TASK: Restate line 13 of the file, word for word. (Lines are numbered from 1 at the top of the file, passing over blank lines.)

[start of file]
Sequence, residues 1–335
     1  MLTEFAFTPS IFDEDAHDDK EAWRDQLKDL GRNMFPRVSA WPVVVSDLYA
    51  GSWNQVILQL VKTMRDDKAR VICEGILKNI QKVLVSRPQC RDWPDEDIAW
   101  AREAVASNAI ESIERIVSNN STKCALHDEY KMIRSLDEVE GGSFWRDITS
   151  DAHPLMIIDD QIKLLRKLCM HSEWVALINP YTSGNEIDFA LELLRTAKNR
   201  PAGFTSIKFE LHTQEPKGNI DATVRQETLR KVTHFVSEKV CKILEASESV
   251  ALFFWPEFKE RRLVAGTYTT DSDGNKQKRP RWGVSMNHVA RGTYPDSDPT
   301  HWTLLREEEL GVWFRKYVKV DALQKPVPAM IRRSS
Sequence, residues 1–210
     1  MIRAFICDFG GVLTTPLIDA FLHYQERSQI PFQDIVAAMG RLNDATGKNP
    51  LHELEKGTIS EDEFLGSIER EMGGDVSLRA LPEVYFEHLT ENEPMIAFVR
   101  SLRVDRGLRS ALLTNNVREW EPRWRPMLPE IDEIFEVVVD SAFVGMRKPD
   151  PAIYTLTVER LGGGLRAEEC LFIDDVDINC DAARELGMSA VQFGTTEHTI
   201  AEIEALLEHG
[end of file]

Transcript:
   151  PAIYTLTVER LGGGLRAEEC LFIDDVDINC DAARELGMSA VQFGTTEHTI